As Martin did in the Hurdle, Henry de Bromhead saddled the first and third home in the Plate, with Shanahan's Turn an up-to-scratch winner of a slightly less heady edition of the prestigious chase. The Co Waterford handler departed with four wins, likewise Jessica Harrington. Crucially, Mullins, Martin, De Bromhead and Harrington all secured at least one feature each. Weld's annual domination has been a testament to his genius, but it has also been partly attributable to others' indifference to Galway.

Given the standard and competitive nature of last week's racing, as well as that of 2013 and 2014, that is clearly no longer the case. The festival is all the better for that.

Legatissimo makes amends in Nassau

Legatissimo shrugged off two narrow defeats to stamp her authority all over the Nassau Stakes at Goodwood on Saturday.

In different circumstances, David Wachman's 1,000 Guineas heroine might have won two Classics and four Group Ones. As a £367,500 daughter of Danehill Dancer, she is entitled to be good, but the manner of her triumph in Goodwood's 10-furlong Group One confirmed that she really is an extremely classy individual.

Legatissimo burst clear on Saturday to eventually score by a couple of lengths from Aidan O'Brien's improving Wedding Vow. As ever, Wayne Lordan was excellent up top, again displaying the trait that the very best jockeys habitually exhibit when opportunities present themselves on the big stage - keeping it simple.

It is often the hardest thing to do when the levels of expectation and scrutiny are greatest, but Lordan invariably takes his chances. Wachman and Lordan were also among the winners at Galway, the highlight of which was Hint Of A Tint's success in the Topaz Mile. Lordan is from Upton in Co Cork, and, in stark contrast to what transpired in Thurles last weekend, it proved to be a lucrative week for natives of the Rebel County.

As well as Lordan, Youghal's Denis O'Regan and Curraglass's Jonathan Burke were understatedly brilliant in conquering the Hurdle and Plate, with Connor King and Finny Maguire also confirming their precocious talents with a pair of winners each. Colm O'Donoghue and Adrian Heskin were other Cork men to grace the winner's circle.

Fran Berry was crowned the leading Flat rider with four Flat wins and his fellow Kildare man Ruby Walsh claimed the jumps title with three victories (all for Mullins). Curiously, no mention of a points system for the jockeys!

Online bookies now to be taxed

On Saturday, the business of online bookmakers and exchanges contributing to the exchequer began.

It has been a slow process, but the extension of bookies' 1pc tax to online operators and a 15pc rate on commission for exchanges represents welcome progress in the quest to make up the shortfall in Revenue's takings from the industry since the onset of online gambling.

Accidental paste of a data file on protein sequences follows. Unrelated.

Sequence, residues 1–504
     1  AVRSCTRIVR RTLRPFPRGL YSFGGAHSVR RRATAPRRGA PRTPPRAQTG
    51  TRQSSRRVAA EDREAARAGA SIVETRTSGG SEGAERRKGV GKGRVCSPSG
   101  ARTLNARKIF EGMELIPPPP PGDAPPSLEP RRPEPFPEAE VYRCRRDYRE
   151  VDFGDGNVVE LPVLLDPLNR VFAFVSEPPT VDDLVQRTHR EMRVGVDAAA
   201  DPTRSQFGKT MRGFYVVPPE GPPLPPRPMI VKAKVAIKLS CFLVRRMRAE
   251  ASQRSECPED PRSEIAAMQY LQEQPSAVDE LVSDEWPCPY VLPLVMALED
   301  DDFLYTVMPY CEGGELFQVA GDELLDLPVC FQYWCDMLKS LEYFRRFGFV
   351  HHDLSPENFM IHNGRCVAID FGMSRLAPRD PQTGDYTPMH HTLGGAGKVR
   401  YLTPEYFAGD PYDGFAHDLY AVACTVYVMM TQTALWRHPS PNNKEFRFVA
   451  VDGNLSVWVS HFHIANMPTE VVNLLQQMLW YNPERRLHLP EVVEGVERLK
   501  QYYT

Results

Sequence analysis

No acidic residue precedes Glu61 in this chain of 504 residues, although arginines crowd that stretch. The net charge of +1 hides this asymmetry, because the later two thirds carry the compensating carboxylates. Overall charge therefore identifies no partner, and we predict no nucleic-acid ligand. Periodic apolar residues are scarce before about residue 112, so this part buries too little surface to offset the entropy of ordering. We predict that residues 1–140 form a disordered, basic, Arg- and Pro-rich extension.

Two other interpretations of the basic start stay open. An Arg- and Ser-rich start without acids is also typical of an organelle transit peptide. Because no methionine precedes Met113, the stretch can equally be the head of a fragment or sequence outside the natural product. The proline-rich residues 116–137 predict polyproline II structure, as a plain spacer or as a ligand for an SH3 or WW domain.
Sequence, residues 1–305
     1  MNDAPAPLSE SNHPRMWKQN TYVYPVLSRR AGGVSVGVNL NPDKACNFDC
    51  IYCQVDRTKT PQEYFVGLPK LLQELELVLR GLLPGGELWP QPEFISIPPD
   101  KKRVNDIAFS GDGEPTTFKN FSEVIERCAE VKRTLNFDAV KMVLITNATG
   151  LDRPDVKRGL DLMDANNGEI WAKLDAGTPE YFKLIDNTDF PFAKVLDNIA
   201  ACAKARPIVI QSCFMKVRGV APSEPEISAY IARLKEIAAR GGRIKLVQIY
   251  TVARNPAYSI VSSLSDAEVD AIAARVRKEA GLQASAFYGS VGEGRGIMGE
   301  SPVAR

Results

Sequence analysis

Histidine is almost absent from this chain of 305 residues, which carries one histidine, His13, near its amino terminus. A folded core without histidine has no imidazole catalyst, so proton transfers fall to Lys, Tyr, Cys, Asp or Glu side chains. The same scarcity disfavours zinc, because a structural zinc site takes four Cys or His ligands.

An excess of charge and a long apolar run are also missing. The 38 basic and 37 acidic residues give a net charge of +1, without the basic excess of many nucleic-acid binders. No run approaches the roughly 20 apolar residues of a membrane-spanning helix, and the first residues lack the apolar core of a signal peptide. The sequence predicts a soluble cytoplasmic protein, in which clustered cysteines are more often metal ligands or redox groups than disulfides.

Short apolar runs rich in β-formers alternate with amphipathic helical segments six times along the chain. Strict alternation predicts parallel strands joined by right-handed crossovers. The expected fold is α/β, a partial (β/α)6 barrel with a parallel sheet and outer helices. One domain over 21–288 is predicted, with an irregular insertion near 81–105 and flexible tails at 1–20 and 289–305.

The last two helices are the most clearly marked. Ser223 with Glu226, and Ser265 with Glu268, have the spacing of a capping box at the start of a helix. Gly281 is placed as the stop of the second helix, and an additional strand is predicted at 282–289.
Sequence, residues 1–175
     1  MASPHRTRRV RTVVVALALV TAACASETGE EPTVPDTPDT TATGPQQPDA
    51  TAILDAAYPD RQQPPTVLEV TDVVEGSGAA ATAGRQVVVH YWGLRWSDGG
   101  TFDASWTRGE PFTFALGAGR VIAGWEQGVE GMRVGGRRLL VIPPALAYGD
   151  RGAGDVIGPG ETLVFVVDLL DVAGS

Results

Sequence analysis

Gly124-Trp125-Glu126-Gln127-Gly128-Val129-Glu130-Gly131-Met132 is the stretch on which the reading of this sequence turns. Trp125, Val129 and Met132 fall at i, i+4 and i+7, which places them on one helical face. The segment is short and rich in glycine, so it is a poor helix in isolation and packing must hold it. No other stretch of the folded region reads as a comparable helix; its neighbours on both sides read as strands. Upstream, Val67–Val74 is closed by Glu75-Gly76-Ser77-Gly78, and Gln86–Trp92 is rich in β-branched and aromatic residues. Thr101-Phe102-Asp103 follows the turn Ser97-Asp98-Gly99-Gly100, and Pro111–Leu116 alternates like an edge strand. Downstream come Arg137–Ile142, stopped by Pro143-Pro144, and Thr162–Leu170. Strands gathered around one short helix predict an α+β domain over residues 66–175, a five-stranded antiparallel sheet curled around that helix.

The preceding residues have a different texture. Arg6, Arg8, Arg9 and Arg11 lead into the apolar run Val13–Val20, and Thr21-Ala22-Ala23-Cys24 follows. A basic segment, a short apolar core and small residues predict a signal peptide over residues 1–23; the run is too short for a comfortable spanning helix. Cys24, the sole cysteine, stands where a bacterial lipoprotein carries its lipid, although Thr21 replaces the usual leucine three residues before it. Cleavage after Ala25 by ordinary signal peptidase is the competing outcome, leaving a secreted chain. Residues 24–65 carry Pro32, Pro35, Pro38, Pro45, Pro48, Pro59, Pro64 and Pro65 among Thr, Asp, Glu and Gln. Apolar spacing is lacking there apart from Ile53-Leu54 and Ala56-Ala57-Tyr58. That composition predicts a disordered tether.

It won't be a panacea for the racing industry as it won't be ring-fenced. Nonetheless, an estimated €25m in revenue will help when Horse Racing Ireland are sat at the table negotiating how much the Government will extend to the industry when the budget comes around, notwithstanding that racing has no divine right to the money over any other sport.

Having not acquired a licence on time, one firm has already ceased to take bets from Irish-based customers. Of course, Betfair's offer of a multi-million euro contribution directly to HRI continues to be spurned, somewhat inexplicably.

New challenges ahead for Hughes

There was no farewell winner for Richard Hughes on Saturday.

The outgoing three-time champion Flat jockey is now ploughing ahead with a trainer career. The Kildare native's nascent ideas and expansive facilities have received much attention, and distinguished figures have declared that he will be a success in his new vocation.

Hopefully he will be, but, as his late, great father Dessie would doubtless tell him, how he fares at the job will inevitably come down to many different, intangible factors. Being an intelligent, articulate successful former jockey with plush facilities guarantees nothing.

Finding the right horses, being able to train them and keep frustrated owners happy are what matter. Hughes will have to establish a whole new skill set.

Tweet of the weekend

Ted Walsh (@walsh_ted)

Eh how did Willie Mullins not win the leading trainer at Galway competition?

Ted Walsh junior asks the question that was on most people's lips in Ballybrit yesterday.